A few weeks ago I started a Facebook group called Munroaming. The idea is that people who want to walk or bag Munros can get together on-line (and in real time) to swap ideas, tips and advice. Some might meet up if they fancy walking the same Munro or Munros.
Munroaming is also about matching people of similar speeds and fitness levels. You could be someone who enjoys a stroll and a natter or a bagger who prefers a full-on uphill blast. Or perhaps you are somewhere in the middle of that. Just be sure that if you plan to walk with other people that you give an indication of the type of Munro walker you are. It is frustrating to be miles ahead or miles behind… and far better to be of similar speed and aspirations.
Already there are more than 100 members and the chat and photos on Munroaming has been great. There are Munroamers who are just starting out and others who have already compleated (correct spelling for someone who has finished a Munro round) and plan to walk another round.
I have seen posts on Munroaming of people discussing plans for bagging Munros together. And this weekend, the G-Force and I met with a few of these new Munroamers.
On Saturday we said hello to a Munroaming walker, aka Fiddling The Munros, at the start of our four Munro day close to Dalwhinnie.
We were intent on the remote Munros on the high ridge running from Beinn Eibhinn over Aonach Beag to Geal Charn, and on to Carn Dearg. This involved a 10-mile mountain bike ride from Dalwhinnie to Culra bothie (now close due to asbestos concerns), walking the four Munros and a ride back out.
Many people choose to ride in, camp overnight, walk the Munros, camp again and ride out the following. We wanted to do this all in one day and so after a quick hello and chat about Munroaming with Fiddling The Munros during our campervan breakfast we sped off on our MTBs.
It is a fairly tough yet beautiful day. (Although it’s nowhere near as difficult as the Glen Etive 5). A fantastic spell of warm September weather accompanied us for much of the walk and we enjoyed the incredible atmosphere of these remote Munros.
It is also the start of Scotland’s red deer rutting season and as we returned via the glen we could hear the eerie roars of the stags as they paraded their virility to potential mates. We hoped to see a stag or two but they were scarce and only hinds could be spotted in the distance.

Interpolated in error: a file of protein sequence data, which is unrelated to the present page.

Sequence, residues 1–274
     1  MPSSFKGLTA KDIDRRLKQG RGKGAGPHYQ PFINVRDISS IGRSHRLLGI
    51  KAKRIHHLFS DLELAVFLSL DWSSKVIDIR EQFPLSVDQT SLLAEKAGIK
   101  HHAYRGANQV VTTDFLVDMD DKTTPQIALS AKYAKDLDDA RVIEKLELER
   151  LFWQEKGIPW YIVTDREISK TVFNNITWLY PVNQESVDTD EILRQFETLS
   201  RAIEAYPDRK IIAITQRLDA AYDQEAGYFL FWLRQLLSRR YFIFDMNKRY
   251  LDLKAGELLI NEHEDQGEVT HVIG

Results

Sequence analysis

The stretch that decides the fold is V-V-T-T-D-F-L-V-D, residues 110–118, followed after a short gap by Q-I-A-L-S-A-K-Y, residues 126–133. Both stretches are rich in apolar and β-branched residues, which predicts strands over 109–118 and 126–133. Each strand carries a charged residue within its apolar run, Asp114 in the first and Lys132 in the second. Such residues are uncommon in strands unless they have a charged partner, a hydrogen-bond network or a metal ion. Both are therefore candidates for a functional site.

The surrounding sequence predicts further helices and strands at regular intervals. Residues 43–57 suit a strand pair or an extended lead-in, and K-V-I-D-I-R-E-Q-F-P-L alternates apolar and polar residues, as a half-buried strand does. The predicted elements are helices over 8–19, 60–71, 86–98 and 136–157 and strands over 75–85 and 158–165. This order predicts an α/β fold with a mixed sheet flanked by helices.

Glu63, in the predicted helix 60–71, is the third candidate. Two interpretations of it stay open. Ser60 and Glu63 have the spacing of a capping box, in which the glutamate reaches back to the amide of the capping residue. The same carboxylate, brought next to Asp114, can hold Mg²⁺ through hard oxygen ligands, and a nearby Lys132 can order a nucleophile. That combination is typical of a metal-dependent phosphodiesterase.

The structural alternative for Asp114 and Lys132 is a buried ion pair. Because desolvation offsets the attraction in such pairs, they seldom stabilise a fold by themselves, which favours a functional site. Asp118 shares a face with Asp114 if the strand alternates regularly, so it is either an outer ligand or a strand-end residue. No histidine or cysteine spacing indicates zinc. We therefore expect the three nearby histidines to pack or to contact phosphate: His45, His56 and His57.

Both of us wished that we had chosen to bring a tent into the glen. If we had done so we would have walked the two other Munros, Ben Alder and Beinn Bheoil, the following day. However, we will leave these for another time and hope for equally good weather!
A Munroaming walk
On Sunday, we met and walked with Tansy, Graham and Daniel on the Glencoe Munro, Sgor na h-Ulaidh.
We “met” Tansy after she joined the group Munroaming. She is a mum and architect from Aberdeenshire and has ticked off all but 40 or so Munros of her first round over the past four years.
She is a member of Deeside Hillwalking Club but she is always keen to find new people to walk with. She says: “The Munros are my passion and my escape from everyday life. It’s my time for me, to do my thing. I am happy to walk solo but I really enjoy some company.
“I joined my hillwalking club to I could find people to walk with and now I can meet more people through Munroaming. I am delighted to be one of the first Munroaming walks.”
Graham is a pal of Tansy’s from Deeside Hillwalking Club. He enjoys the hills, including Corbetts and Munros, and likes getting away at weekends with his club. He admits: “I am not as fit as I’d like to be but I am determined to get out more over the next year. It’s a great challenge walking the Scottish mountains.”
I had previously met Daniel, also an architect, on a chi running weekend earlier this year, but I didn’t know he was a Munro walker until he posted in the Munroaming group.
He was free on Sunday and wanted to meet us in Glencoe to walk. So he did!
Daniel, of Glasgow, said: “Munroaming is a great idea. I am often up for a Munro walk but I can’t always find someone to walk with. I prefer to go with other people. To have a Facebook group that is dedicated to this one thing is brilliant.”
Sunshine and a Munro
The weather on Sunday was superb. The walk from the Glencoe side of Sgor na h-Ulaidh is very beautiful. After a gentle up via a stunning glen there is a steep ascent of the hilllside before another steady climb, then a short drop and then another climb to the summit.
It’s a walk that takes longer than it looks on the map, if you know what I mean, but this gave us ample time to chat and get to know our new Munroaming friends.
We all agreed that our day was made even better by the meet up and we plan to stay in touch on Munroaming so that we can get together for other Munro hikes.
If you would like to join the group please do make a request on Munroaming.
Sadly, while walking the Sunday Munro I mislaid my camera. Hmm, well, actually, it might have been the G-Force’s fault but we can’t be sure and I don’t plan to argue about it because sometimes rubbish things happen, even on a fab weekend.
Anyway, it is a bright blue Nikon compact camera and it is sitting somewhere on Sgor na h-Ulaidh. If someone finds it can they please get in touch with me.
This also means that I have had to take photos from other people so thanks to them… 🙂
Beautiful end to a weekend
An alcoholic ginger beer with the G-Force, Daniel and a small gathering of very tame deer at the Kingshouse Hotel… and this fantastic early evening view.